We have seen the origins of both the obligation to mourn in general and the practice to do so specifically for seven days. But where does the practice come from to visit the mourners? Once again, this is based on Biblical precedent. In this instance, however, we are emulating God Himself. The Torah tells us that after the death of Avraham, God blessed his son Yitzchak (Genesis 25:11). Rashi cites the Talmud (Sotah 14a) that God “paid a shiva call” to Yitzchak to console him for the loss of his father. The gemara continues that comforting mourners in this manner is one of God’s behaviors that we are meant to emulate.
Comforting mourners is a unique act of kindness in that it benefits both the living (i.e., the mourner) and the deceased (Mishneh Torah, Hilchos Aveil 14:7). Rav Moshe Feinstein (Iggros Moshe, OC IV, 40:11) explains the Rambam’s statement that shiva benefits the deceased by referring us to an incident in Talmud Shabbos 152a-b. There, the Talmud describes how a man in Rav Yehuda’s neighborhood died without any surviving relatives to mourn him. Lacking a shiva house to visit, Rav Yehuda brought a minyan to the place where the man had died, every day for a week. After the week of shiva had concluded, the deceased appeared to Rav Yehuda in a dream and informed him that the act had served to bring him peace.
The halacha is that the visitor to a shiva house should not initiate conversation. Rather, he should wait for the mourner to address him first (Yoreh Deah 376:1). The Talmud (Moed Katan 28b) learns this behavior from Iyov (Job). Job 2:13 describes how Iyov’s friends visited him when he was in mourning. They sat there silently for a very long time, none of them speaking “because they saw that his grief was very intense.” None of Iyov’s friends addressed him until after verse 3:1, “After this, Iyov opened his mouth.” One must wait for the mourner to demonstrate that he is ready to talk. (One may be lenient in the case of a mourner who is not aware that he is supposed to initiate conversation.) It is generally accepted that if the mourner never acknowledges the visitor, the visitor may nevertheless bless the mourner with the traditional text upon departure (Iggros Moshe OC V, 20:21, et al.).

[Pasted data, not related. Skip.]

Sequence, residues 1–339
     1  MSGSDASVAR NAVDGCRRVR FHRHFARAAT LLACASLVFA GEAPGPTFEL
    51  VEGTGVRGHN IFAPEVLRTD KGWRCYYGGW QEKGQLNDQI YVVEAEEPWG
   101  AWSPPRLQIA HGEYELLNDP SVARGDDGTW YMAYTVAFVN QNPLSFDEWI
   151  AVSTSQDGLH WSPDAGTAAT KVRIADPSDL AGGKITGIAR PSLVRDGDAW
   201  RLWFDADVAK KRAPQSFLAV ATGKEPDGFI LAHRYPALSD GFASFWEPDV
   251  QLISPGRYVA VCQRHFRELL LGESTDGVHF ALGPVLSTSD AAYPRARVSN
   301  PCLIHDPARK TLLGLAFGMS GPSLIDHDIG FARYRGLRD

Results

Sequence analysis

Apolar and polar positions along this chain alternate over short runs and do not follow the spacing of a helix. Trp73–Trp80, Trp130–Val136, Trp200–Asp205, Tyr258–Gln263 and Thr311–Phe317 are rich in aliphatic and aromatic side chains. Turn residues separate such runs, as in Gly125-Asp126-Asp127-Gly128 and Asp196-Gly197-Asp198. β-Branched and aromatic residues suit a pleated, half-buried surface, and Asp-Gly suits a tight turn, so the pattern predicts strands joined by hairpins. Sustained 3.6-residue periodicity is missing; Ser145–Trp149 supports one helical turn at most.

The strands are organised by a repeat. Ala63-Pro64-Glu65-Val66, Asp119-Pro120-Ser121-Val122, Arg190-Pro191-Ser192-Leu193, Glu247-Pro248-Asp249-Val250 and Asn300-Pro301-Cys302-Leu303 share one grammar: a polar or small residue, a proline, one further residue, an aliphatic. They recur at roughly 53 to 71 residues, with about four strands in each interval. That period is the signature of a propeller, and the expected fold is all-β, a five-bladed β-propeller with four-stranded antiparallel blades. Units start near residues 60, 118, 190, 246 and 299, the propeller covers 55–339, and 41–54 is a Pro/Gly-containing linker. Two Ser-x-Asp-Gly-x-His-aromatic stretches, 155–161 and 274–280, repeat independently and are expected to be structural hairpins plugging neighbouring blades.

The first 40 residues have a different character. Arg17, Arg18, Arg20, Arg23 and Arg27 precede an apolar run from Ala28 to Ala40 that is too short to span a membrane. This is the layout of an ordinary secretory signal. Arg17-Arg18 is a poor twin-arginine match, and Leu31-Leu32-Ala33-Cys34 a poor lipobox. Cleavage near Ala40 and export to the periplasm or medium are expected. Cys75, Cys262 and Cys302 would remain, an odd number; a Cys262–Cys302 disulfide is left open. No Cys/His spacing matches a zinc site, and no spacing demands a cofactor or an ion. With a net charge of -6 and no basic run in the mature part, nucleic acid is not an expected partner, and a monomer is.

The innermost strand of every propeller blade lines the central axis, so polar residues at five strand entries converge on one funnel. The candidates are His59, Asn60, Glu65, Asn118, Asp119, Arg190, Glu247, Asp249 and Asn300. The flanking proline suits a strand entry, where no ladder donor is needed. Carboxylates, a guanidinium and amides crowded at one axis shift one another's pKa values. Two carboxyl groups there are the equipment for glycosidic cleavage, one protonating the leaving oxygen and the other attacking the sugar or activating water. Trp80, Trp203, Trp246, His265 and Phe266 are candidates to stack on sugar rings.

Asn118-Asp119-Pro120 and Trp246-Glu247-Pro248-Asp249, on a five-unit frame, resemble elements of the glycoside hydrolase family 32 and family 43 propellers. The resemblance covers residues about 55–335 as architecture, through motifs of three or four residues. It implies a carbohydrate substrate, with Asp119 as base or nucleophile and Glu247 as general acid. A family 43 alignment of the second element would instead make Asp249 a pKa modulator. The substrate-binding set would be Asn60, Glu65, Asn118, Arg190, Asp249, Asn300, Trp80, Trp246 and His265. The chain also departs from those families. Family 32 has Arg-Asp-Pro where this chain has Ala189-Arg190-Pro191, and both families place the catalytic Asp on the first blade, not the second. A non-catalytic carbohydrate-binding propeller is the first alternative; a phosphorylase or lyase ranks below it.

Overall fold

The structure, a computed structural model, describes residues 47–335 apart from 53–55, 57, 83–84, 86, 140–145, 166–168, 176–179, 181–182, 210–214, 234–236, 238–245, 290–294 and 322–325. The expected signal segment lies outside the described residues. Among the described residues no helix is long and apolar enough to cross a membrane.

A shiva call is not the place for frivolity or to discuss business or politics. The purpose of a shiva visit is to console the mourners for their loss. Accordingly, the deceased should be the focus of the conversation. The bare minimum to fulfill the mitzvah of nichum aveilim (consoling mourners) is the standard blessing of “HaMakom y’nacheim eschem…,” that God should comfort the mourners for their loss, but it is preferable that the visitor engage the mourners in actual words of comfort (Ahavas Chesed 3:5; see also Moed Katan 28b, Kesubos 8b, et al.). For more on this topic, see our final installment in this series, A Practical Guide to Paying a Shiva Visit.
When the visitor gets up to leave, he recites the text “HaMakom y’nacheim eschem b’soch shar aveilei Tziyon Virushalayim,” “May the Omnipresent One comfort you along with the other mourners of Zion and Jerusalem.” In Sephardic communities, the practice is to say “min haShamayim tenuchamu” or “tenuchamu min haShamayim” – “May you be comforted by Heaven.” In all of these cases, the generally-accepted practice is to always recite the text in the plural form (eschem, tenuchamu) even if only one mourner is present, similar to the way “shalom aleichem” (also plural) is the appropriate greeting even for a single person. One explanation for the plural text, at least in the case of shiva, is what we said earlier about the shiva visit serving as a comfort for both the mourner and the deceased.